Why Your Business Should Look Into Captive Insurance
Captive insurance often provides the coverage a business needs when a conventional market can’t provide coverage, when it costs too much, or when prices fluctuate. However, this alternative approach to insurance offers many benefits, beyond what your company might find in the regulated commercial insurance marketplace.
What Is Captive Insurance?
Instead of buying insurance through the conventional market, captive insurers pool multiple companies to form a single insurance company. Policyholders own and control a “pure” and manage its resources.
Each company in the group captive contributes their own capital, but they also control the resources, decide on investments, and share profits and losses. Additionally, each member company also enjoys the benefits of any money left in the fund when premiums exceed losses, and any interest earned on investments.
Each member company can analyze any investment and choose the best in class, instead of what the traditional market decides.
Since each member company is also an owner in the insurance company, they are also invested in improved safety, fewer claims, and tailored policies that address their needs. Member companies can align themselves with others with good safety records too, instead of subsidizing less diligent companies.
Company members have every reason to do their best, since they directly enjoy the benefits. They pool their buying power and learn how to improve coverage, manage premiums, and improve the claims experience.
When they control losses, manage claims properly, and encourage a strong safety culture, they also improve their returns.
Address Insurance Limitations
Many companies choose captive insurance, because they can’t obtain coverage, it’s too expensive, or prices fluctuate too much. When the traditional marketplace can’t offer what you need, captive insurance can offer tailored coverage for an average premium reduction of 20 percent.
Member companies also have direct access to wholesale reinsurance markets, increased coverage and capacity, funding flexibility, and underwriting choices and leverage. Plus, as the captive grows it also has greater risk capacity.
Lower Expenses – Improve Cash Flow
When you use captive insurance, you’re not paying the markup for an underwriter, so member companies can invest the money instead. They can also add this money to any interest earned from premiums held in investments, which averages around 25 percent.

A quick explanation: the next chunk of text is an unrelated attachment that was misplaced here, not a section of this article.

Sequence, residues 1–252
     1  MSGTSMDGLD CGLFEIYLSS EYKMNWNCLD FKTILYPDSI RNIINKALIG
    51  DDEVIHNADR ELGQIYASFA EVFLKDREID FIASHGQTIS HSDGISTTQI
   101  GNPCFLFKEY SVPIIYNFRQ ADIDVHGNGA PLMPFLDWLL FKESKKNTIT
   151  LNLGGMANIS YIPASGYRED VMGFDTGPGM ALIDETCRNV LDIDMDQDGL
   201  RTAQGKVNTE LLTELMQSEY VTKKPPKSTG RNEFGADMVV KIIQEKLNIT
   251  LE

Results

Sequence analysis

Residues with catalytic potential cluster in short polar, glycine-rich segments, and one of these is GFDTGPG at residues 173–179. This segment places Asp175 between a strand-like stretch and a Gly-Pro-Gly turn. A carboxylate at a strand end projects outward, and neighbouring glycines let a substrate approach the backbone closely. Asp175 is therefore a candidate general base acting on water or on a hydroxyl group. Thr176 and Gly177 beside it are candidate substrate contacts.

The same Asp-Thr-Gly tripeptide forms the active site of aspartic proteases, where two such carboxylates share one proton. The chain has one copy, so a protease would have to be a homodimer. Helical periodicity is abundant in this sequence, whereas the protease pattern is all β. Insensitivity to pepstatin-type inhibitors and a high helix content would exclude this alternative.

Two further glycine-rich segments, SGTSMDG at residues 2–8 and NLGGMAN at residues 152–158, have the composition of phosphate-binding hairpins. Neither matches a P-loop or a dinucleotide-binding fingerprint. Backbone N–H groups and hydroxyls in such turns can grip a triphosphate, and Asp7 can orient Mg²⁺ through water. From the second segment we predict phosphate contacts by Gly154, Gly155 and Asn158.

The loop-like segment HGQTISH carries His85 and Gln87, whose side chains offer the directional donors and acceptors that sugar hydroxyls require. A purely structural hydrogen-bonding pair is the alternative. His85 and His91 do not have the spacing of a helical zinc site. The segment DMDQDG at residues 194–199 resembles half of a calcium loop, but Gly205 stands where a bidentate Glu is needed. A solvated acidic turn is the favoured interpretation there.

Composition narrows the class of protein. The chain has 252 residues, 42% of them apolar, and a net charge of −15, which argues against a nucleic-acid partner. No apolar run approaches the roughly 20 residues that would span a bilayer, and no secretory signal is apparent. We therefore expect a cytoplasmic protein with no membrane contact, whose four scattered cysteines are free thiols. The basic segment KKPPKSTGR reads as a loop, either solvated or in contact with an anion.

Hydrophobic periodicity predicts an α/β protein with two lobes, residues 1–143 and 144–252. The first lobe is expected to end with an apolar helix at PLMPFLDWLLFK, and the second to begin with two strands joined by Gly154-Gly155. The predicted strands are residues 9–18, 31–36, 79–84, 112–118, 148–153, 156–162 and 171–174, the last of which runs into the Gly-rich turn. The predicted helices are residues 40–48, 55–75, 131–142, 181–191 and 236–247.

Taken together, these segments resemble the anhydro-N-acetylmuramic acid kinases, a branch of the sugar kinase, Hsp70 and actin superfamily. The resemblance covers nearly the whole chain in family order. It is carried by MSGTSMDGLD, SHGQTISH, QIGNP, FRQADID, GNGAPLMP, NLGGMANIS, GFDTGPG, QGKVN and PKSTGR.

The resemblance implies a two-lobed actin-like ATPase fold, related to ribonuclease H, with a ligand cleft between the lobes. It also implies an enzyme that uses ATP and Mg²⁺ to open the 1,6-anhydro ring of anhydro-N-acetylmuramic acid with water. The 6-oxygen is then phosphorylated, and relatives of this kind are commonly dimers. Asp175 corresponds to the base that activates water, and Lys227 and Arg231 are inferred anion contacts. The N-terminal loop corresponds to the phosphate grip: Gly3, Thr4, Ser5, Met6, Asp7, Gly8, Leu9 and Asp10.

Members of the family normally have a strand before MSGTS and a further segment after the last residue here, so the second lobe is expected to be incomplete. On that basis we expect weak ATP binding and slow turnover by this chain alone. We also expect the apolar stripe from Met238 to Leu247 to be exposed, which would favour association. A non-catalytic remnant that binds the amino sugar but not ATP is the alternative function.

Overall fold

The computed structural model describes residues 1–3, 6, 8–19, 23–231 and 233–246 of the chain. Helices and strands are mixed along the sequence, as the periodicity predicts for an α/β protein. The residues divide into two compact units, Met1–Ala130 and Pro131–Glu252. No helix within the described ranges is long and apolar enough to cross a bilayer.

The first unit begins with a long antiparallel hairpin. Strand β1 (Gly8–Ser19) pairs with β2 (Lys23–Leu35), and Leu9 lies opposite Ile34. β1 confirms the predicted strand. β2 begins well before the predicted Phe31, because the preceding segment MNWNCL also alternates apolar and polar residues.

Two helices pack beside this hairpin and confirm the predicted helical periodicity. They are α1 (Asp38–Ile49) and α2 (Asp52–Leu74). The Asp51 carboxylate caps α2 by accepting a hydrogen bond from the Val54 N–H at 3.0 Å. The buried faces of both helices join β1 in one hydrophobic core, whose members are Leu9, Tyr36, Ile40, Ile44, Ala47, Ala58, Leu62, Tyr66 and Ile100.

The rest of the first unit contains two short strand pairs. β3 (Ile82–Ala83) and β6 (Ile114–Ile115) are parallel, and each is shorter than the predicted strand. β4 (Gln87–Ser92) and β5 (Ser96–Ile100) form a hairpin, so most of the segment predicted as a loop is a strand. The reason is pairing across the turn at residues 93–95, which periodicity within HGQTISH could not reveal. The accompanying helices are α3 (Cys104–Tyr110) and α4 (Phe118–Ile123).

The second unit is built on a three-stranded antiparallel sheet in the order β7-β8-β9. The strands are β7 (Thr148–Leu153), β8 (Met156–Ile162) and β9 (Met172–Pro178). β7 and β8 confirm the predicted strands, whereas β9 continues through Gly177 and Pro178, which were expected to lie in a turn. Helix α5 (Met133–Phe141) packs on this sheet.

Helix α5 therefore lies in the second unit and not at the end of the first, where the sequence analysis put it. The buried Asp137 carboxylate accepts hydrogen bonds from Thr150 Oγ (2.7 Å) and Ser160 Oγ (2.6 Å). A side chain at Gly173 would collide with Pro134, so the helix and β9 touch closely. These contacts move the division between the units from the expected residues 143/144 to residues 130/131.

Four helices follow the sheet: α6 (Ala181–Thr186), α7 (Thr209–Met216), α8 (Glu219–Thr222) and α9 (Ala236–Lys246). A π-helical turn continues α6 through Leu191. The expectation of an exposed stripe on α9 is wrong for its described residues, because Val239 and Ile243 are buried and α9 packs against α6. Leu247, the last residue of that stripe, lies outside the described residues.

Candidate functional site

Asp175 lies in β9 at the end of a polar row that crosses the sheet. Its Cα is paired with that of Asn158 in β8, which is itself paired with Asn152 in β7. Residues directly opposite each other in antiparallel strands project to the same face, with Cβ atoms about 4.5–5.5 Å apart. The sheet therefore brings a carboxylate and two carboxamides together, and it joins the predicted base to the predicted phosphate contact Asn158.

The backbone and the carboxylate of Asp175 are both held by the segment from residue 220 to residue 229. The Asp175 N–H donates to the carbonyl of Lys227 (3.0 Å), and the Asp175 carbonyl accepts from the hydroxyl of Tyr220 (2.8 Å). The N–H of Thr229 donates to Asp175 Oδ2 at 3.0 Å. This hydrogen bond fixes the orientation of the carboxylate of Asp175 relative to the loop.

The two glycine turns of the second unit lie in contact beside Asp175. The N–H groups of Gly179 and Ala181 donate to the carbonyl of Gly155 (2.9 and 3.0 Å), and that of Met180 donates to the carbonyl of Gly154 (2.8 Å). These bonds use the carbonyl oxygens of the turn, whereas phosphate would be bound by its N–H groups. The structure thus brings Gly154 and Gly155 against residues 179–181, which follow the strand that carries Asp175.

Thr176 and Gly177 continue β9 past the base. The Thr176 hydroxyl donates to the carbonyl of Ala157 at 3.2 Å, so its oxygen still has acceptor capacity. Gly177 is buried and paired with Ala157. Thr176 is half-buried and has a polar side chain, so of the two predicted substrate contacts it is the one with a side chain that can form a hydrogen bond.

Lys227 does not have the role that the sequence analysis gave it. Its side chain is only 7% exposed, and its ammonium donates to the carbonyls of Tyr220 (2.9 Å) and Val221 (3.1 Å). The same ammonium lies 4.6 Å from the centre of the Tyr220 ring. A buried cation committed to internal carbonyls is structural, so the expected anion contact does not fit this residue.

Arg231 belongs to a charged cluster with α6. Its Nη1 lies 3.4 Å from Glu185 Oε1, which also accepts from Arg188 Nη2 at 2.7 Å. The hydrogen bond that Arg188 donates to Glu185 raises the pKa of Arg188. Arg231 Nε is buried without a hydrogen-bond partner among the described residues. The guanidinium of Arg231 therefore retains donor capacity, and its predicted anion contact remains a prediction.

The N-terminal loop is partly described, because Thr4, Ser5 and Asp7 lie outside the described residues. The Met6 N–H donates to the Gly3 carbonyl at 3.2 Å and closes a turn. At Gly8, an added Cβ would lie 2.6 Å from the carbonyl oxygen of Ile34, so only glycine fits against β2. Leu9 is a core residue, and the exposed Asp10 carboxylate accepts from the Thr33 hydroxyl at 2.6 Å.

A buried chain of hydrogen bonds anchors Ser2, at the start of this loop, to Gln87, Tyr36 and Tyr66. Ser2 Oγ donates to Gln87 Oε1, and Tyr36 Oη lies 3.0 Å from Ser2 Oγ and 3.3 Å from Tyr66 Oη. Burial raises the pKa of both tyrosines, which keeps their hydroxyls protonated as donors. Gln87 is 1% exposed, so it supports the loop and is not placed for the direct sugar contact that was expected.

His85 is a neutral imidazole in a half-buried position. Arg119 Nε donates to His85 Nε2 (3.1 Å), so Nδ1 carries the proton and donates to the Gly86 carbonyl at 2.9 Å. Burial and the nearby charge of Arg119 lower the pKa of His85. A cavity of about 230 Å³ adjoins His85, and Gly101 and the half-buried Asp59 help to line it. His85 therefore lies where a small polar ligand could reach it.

Additionally, traditional insurers typically reserve at least 60 percent of premiums for loss payments. Captive insurance has lower expenses, so it is only necessary to set aside between 5 and 15 percent.
Potential Tax Advantages
Captive insurance may offer tax advantages through interest earned on investments and premiums claimed as an expense by the insured.
If the captive is an incorporated insurance company, you may be able to claim a “reasonable and fair” loss reserve for unpaid actual losses incurred. Your business may also reduce state premium taxes you’d normally pay through a commercial insurance program.
However, you’ll need to discuss tax implications with your accountant, as laws vary depending on your resident state and member companies. It shouldn’t be your primary motivator either. Your business exposures and risk management issues are of greatest concern.
An alternative to a captive insurance company entirely owned by its’ members is an agency captive insurer. Members may pay an access fee instead of investing capital, but they don’t own the captive.
An agency captive has an advantage since it can maintain legally separate underwriting accounts, while a pure captive shares risk with the other captive insureds. Member companies still control their risk management decisions, but the insurance agency insures the risks of the client.
An agency captive is often a good choice for small companies to build surplus so they can start a pure captive insurance company later.
If you appreciate the benefits captive insurance offers, you should conduct a feasibility study and contact a captive manager. They have the skills and knowledge you need and can walk you through the process.